Marimar had the grit to plant vines and make wines, and the charisma to build a brand around herself. Cristina calls herself “more of a structure” person, with the discipline to apply the lessons of business school and add ideas like sustainability into the mix. Marimar dazzles in the kitchen and hosts large public events. Cristina plans the events, puts them on social media, and quietly circulates in the crowd. The mom says “tapas” and “paella,” the daughter adds, “direct-to-consumer selling.”

Marimar may not have been allowed her daughter’s gold-plated education, but Cristina says it was from her mother that she inherited “the learning gene.” After all, once Marimar moved to the United States, she gave herself a culinary education, conducted research all over Spain, and wrote The Spanish Table (1986) and The Catalan Country Kitchen (1992).

A sophisticated Spanish culinary touch pervades everything they do together. Marimar has long hosted lavish dinners at the winery and at her home overlooking the vineyards; during the COVID pandemic Cristina brought her own savvy to bear, imagining and publicizing a Facebook cooking show, videos on the website, and recipes online.

Cristina’s own passions have also led her to enlist new technologies and approaches. In addition to getting all the winery’s systems in the cloud, she has targeted a younger consumer, especially through events. “Before the first Summer Happy Hour, I worried about whether there would be turnout,” she remembers. “And then I watched: The weather was perfect, there was live music, the patio was full, I saw wine club members and people my age talking and lingering.”

The female legacy is part of the brand, and both Torres women are proud of that. Cristina adds, “I’m so close to my mom, and I’ve wanted to embody what she and women of her generation created.”

Recipe: Higos Pasos Rellenos con Salsa de Chocolate (Dried Figs Stuffed with Chocolate and Nuts in a Chocolate Sauce) 

Makes 24 stuffed figs

For the figs: 

1/4 cup sugar 

1/2 cup orange liqueur, such as Torres’ Magdala Orange Liqueur or Grand Marnier 

24 dried Calimyrna figs, or another moist type 

3-1/2 ounces bittersweet chocolate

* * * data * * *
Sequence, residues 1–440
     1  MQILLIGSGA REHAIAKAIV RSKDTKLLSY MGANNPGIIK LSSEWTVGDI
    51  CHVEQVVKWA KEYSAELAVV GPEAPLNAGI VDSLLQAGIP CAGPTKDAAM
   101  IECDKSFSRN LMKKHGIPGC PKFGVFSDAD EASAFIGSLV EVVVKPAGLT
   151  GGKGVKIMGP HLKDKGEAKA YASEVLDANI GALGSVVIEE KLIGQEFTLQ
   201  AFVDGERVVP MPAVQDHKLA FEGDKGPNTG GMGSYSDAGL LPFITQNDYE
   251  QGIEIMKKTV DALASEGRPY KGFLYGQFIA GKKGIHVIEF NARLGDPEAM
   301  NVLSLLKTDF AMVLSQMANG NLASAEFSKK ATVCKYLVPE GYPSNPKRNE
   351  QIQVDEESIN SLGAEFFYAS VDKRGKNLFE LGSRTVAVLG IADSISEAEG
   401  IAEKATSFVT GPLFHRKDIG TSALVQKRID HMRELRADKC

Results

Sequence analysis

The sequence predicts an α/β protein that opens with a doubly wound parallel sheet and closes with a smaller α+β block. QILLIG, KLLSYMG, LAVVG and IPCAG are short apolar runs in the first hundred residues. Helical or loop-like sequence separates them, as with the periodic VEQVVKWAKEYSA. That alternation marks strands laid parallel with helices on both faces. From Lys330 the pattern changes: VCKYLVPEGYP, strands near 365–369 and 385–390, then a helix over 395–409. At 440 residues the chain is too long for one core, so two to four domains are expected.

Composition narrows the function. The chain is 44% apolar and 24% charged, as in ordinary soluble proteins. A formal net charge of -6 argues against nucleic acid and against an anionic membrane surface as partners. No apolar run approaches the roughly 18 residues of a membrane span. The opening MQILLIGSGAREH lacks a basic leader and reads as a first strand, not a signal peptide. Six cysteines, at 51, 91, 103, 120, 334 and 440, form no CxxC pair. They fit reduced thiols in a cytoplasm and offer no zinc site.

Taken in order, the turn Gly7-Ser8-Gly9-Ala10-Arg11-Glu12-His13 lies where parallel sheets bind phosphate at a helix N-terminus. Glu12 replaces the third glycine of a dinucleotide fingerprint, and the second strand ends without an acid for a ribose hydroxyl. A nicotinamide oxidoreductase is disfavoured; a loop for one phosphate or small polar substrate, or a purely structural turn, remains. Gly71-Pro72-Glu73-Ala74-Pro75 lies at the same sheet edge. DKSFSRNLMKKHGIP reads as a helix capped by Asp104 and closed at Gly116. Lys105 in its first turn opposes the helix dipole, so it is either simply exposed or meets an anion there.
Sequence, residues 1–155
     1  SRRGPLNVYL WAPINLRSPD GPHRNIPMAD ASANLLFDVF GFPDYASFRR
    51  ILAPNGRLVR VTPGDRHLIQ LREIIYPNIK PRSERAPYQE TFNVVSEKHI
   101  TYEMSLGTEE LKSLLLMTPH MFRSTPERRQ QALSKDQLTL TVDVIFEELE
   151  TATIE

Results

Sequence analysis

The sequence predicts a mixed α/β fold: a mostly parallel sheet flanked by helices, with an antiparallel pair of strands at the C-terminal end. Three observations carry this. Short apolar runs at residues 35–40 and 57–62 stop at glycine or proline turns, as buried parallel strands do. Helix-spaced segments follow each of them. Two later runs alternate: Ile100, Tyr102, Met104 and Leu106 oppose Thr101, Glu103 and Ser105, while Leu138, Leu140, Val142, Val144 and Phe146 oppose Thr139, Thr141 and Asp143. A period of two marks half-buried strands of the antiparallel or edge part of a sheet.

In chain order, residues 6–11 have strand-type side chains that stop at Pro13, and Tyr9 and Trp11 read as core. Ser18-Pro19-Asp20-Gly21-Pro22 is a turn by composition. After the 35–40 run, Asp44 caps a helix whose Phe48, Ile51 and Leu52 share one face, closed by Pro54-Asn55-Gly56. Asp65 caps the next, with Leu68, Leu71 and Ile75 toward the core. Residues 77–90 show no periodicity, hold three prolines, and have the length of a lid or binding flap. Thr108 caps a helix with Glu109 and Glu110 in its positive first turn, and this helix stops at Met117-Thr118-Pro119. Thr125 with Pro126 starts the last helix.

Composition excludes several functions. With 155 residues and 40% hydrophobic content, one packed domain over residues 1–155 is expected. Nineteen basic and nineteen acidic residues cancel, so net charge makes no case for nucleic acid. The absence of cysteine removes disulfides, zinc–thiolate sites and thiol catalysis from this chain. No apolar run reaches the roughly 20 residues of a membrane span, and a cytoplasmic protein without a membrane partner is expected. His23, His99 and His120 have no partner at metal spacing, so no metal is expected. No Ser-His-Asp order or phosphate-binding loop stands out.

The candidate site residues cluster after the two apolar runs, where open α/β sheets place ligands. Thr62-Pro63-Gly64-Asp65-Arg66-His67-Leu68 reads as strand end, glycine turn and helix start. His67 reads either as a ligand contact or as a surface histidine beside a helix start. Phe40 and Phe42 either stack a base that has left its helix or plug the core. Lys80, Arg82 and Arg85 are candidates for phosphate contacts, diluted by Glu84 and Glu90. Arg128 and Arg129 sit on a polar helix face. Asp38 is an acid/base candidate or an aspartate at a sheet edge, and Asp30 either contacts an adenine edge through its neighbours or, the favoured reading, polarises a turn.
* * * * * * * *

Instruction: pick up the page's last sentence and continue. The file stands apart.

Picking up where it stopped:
1/4 cup shelled pistachio nuts 

For the chocolate sauce: 

1 cup heavy cream 

2 ounces unsweetened baking chocolate 

3/4 cup semi-sweet chocolate chips 

1-1/2 tablespoons finest-quality Spanish brandy, such as Torres 15 or Torres 20 

1 teaspoon vanilla extract 

To prepare the figs: 

In a saucepan, combine sugar with liqueur and 2 cups water. Bring to a boil and boil for 1 minute. Add figs, reduce heat to low and cook at a simmer for 10 to 15 minutes, or until the figs have softened slightly. Turn off heat and let figs steep in the syrup for 1/2 hour to an hour. Remove figs and reserve. Cook syrup over medium-high heat until just before it reaches thread consistency (220 - 225 degrees F. on a candy thermometer). 

To prepare the stuffing: 

In a food processor, finely grind together the pistachios, then add the walnuts, and finally the chocolate. Stir 1 tablespoon of the fig syrup into the chocolate mixture. Keep remaining liquid. 

To assemble the dish: 

Cut off stem ends from the figs. With your finger, poke a hole in the stem end of each fig to make a pouch. Fill with some of the stuffing. Close up the fig opening by pinching it together firmly (don’t worry if the figs don’t close all the way). Place figs, stem side up, in the saucepan with the remaining liquid, to warm them up. Serve immediately, while still warm, over the scoop of chocolate sauce. 

To prepare the chocolate sauce: 

Heat the cream in the top of a double boiler over boiling water, or in a heavy-bottomed small saucepan. Melt chocolates in the cream, stirring over very low heat, until combined into a smooth sauce. Off heat, add brandy and vanilla. Serve warm. If you make this sauce ahead, reheat it in a double boiler, stirring, so it does not separate. 

Wine Pairing: 

Marimar Estate Cristina Pinot Noir or Marimar Estate Tempranillo 

Recipe from: The Spanish Table, page 213 and 238 by Marimar Torres